Another concern of the chronicle was the acquisition of land by the abbey. The work incorporates three pre-existing inventories of the abbey's possessions, and records each gift to the abbey, giving the grantor and occasionally details of the grantor's life. This detailed record of the various rights and possessions of the abbey was useful if those possessions needed to be defended against outside or inside conflicts. The Liber was used by the monks to defend their claims to be the real heirs of the abbey's rights and property rather than the bishops, after the conversion of the abbey into a bishopric. The chronicle also records the division of property between the monks and the newly appointed bishop. According to the chronicler, the division took place during the episcopate of the first bishop, Hervey le Breton, and was characterised as barely adequate for the needs of the monks. Later the chronicle records documents from the bishops that defined the separation between the monks and the episcopate.[26] The chronicle also records the conflict between the abbey and various Bishops of Lincoln, which had continued until the abbey became a bishopric in 1109.[27]

A third theme of the work is the stress on the importance and number of distinguished burials that took place at Ely. They would have increased the desire of others to be buried there, which would have benefited the community by the donations that would have flowed from those wishing to secure their burial. The Liber stresses the burials of Æthelstan, a Bishop of Elmham, that of Ælfwine, another Bishop of Elmham, and Wulfstan II, an Archbishop of York.[28]


The medieval chronicler, Matthew Paris, shown here in a 13th-century manuscript depiction of his deathbed, used the Liber as a source for his works.

The Liber was familiar to the 13th-century chronicler Matthew Paris, who used it along with the Chronicon Abbatiae Rameseiensis of Ramsey Abbey in his own historical works. Another 13th-century English writer, Roger of Wendover, was also aware of the Liber.[29]

Some of the information contained in the Liber is important to historians. It is in the Liber that the first statement that Æthelwold translated the Benedictine Rule into Old English is made.[30] The Liber is the longest of the local histories produced in England during the 12th century,[31] and it contains a description of the royal chancery, which might be the earliest evidence for the existence of that office in the Anglo-Saxon kingdom. The Liber describes how King Edgar (died 975) granted the abbey the office of chancellor (head of the chancery), but the authenticity of the passage is unclear.[32] The existence of a formal chancery office in Anglo-Saxon England before the Norman Conquest is a matter of some debate amongst historians.[33]

The historian Dorothy Whitelock says of the work that it is "unique among post-Conquest monastic histories".[34] It was written to help buttress the claims of Ely to a judicial liberty,[35] or the exercise of all the royal rights within a hundred.[36] To do this, the Liber collected together earlier sources used to help the abbey evade episcopal control, prior to the abbey becoming a bishopric. These documents may have been forged or had their contents doctored to help the abbey's cause. Because of the tendentious nature of the collection, the work is used by historians with great caution.[35] Despite the untrustworthy nature of the Liber and the documents preserved therein, it remains a valuable source for the history of the time period it covers, as well as the internal history of the abbey and bishopric.[37] The historian Antonia Gransden characterises the Liber as "valuable for general history", but qualifies by saying that "the whole lacks unity and has errors and confusing repetitions".[31]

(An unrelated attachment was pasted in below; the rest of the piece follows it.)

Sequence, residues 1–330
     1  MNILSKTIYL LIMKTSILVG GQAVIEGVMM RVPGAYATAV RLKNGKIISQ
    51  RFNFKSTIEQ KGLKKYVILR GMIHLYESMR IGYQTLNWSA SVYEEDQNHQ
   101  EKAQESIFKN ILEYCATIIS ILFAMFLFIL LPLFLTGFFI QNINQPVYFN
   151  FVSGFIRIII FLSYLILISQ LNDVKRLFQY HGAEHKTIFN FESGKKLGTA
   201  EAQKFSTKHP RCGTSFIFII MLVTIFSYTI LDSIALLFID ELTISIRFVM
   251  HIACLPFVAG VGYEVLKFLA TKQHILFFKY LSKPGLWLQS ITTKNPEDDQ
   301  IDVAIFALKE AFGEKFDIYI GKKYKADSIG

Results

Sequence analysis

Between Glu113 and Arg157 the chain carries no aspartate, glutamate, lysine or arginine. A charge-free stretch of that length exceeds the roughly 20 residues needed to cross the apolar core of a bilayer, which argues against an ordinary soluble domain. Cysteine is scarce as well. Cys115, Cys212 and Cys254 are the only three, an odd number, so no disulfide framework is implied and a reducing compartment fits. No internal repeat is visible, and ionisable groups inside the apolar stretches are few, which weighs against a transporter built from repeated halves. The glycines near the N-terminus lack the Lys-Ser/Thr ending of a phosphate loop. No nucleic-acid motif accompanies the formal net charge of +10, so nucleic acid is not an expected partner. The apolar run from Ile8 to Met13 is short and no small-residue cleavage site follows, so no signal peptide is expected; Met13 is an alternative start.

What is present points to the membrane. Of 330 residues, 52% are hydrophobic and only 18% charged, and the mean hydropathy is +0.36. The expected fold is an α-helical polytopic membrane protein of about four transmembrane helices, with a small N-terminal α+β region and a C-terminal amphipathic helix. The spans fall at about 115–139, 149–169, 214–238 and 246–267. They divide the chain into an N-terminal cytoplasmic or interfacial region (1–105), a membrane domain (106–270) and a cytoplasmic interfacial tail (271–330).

The work survives in two complete manuscripts (MS), that of Trinity College, Cambridge MS O.2.1, usually known as the E manuscript; and one in the possession of Ely Cathedral Chapter, usually known as the F manuscript. The E manuscript dates from the late 12th century, and shows three different scribal hands.[b] The F manuscript dates to the early 13th century, with four scribal hands.[38][c] The E manuscript was given to Trinity College as part of the Gale Collection by Roger Gale in 1738.[39] The F manuscript has remained at Ely since its creation, and is the only manuscript at Ely still remaining from the medieval monastic library.[40]

As well as the two complete manuscripts, a number of other manuscripts contain parts of the whole work. British Library MS Cotton Titus A.i, usually known as the G manuscript, has part of Book II, and dates from the late 12th or early 13th century. British Library MS Cotton Domitian A.xv, known as the B manuscript, dates from the late 13th or early 14th century and includes some other material along with Book I and the same parts of Book II as in manuscript G. Another Cottonian manuscript, British Library MS Cotton Vespasian A.xix, has parts of Book III, and dates to between 1257 and 1286.[41] This manuscript is usually known as the A manuscript.[42]

The relationship between the various extant manuscripts is complex, and a definitive scheme of how the various manuscripts relate to each other cannot be made.[43] Blake, in his edition of the Liber, suggests that Book I once existed as a stand-alone work, which influenced the B manuscript. A separate Book II, with parts of Book III, was then written and combined with the stand-alone Book I, into either manuscript E or an earlier version of that manuscript. Book II was then revised, combined with parts of G, Book I, and parts of E to make manuscript F.[44]